AGFC officials offers up advice of dealing with the occasional nuisance bear in the Natural State
Each spring, young male black bears emerge from their dens and strike out to find new territories. While sightings of these misguided youths certainly grab the attention of people living in neighborhoods bordering bear country, they often move on as long as people don’t give them a reason to stay.
Bears are part of Arkansas and have been since before the state was settled. In fact, Arkansas once was so rich with black bears that its official nickname was “The Bear State.” Unrestricted hunting for their fur and fat led to the bear’s rapid decline by the early 1900s.
Thanks to the efforts of conservationists and biologists with the Arkansas Game and Fish Commission, Arkansas again has bears throughout much of the state in the areas they once roamed.
But living with bears requires a brief mention about bear biology.
Female bears will spend two winters with their cubs: the first when they are newborns, and the second as adolescents. In their second year, female cubs will be allowed to stay in a portion of their mother’s territory, but male bears are forced away to find a new home on their own.
“It’s nature’s way of ensuring genetic diversity,” said Myron Means, bear program coordinator for the AGFC. “The young males will wander for a while until they find a new home with good food resources.”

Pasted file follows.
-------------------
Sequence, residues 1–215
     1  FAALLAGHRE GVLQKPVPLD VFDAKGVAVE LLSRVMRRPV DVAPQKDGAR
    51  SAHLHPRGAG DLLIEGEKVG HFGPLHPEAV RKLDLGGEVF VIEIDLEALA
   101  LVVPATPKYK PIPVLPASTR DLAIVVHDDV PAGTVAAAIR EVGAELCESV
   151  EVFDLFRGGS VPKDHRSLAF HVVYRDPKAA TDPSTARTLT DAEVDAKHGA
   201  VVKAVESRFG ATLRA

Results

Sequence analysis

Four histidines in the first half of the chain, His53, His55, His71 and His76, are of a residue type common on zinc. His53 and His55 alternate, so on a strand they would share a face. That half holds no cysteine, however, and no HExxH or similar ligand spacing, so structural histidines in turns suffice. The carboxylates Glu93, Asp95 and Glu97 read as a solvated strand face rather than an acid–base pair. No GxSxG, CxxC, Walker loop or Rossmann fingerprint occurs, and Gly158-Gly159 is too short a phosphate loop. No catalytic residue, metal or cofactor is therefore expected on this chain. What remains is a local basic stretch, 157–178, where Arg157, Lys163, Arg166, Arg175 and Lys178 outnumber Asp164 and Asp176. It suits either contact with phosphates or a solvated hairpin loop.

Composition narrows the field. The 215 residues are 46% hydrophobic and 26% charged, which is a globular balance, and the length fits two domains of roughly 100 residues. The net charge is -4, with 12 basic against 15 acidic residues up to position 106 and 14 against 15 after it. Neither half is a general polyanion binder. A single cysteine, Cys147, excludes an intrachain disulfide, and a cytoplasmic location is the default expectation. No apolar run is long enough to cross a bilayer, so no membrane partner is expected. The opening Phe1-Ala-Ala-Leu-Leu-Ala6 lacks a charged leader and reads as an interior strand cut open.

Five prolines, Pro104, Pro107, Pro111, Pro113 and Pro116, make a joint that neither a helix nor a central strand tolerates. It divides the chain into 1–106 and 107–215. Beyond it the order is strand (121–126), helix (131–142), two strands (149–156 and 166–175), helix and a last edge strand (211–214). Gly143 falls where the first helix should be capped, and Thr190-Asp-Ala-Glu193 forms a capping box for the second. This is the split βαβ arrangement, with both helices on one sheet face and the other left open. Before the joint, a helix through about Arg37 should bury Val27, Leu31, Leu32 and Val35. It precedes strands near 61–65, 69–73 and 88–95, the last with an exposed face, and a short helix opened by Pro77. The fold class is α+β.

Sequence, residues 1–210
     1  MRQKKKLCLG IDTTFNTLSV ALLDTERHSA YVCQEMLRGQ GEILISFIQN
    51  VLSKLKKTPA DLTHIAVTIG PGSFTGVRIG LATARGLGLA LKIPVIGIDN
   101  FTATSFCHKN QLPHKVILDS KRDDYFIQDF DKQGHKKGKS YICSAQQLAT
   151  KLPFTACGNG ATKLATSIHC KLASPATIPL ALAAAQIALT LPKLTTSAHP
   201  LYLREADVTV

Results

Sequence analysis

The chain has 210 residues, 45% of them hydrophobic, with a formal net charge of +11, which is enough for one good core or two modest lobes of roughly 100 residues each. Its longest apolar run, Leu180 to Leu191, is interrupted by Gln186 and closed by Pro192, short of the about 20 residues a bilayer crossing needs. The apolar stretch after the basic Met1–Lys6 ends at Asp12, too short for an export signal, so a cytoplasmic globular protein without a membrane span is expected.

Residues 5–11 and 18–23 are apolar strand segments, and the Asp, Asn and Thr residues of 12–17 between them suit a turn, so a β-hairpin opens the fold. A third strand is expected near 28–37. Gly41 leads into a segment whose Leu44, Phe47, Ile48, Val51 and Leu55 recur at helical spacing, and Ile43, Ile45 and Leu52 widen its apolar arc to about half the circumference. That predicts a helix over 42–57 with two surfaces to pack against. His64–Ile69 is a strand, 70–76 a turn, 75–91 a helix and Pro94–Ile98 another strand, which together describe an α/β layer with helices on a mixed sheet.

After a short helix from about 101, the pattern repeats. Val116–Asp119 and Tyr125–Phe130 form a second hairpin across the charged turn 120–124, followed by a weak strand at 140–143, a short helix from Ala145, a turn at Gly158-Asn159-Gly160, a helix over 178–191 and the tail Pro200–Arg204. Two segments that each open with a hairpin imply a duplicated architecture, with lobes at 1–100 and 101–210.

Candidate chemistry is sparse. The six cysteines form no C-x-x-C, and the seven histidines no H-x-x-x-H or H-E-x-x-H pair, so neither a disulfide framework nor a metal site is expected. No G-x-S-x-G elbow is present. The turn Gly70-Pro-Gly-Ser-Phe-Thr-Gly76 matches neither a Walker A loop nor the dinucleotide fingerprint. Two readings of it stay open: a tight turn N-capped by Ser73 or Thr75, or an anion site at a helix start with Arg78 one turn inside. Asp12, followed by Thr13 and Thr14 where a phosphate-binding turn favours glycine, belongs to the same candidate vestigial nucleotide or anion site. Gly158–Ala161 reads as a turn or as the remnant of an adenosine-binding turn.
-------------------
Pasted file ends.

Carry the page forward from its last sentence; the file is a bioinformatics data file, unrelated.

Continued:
Unfortunately, that search may land young bears in some sticky situations. Open trash cans, bowls filled with pet food and areas where people have dumped cooking grease or table scraps often attract these wayward bears. Wildlife feeders also act as magnets to these young bruins, who will take advantage of the free meal.
“The first thing we tell anyone to do when they have a nuisance bear in the area is to put away any possible foods, including deer feeders, bird feeders and dog food, and to keep trash cans locked or put away where they are inaccessible for a couple of days,” Means says. “That’s usually all it takes for the bear to move on.”
Just like grandpa told you about snakes and other scary critters, bears are much more scared of people than we are of them. But if a bear is allowed to stick around, it can begin to associate people with a free meal, and that’s when trouble starts. Means suggests people who see bears where they don’t want them, make it clear they need to move on.
“Making noise, yelling and throwing a rock or two at the bear will give it the message that it’s not welcome,” Means said. “Bears aren’t aggressive animals and they don’t have a desire for revenge or anything. They just realize the area isn’t comfortable to stay in and will go away.”
More information about bear awareness and bear safety can be found on the cooperative website www.Bearwise.org. This site was developed by bear biologists throughout the Southeast and includes information specific to Arkansas.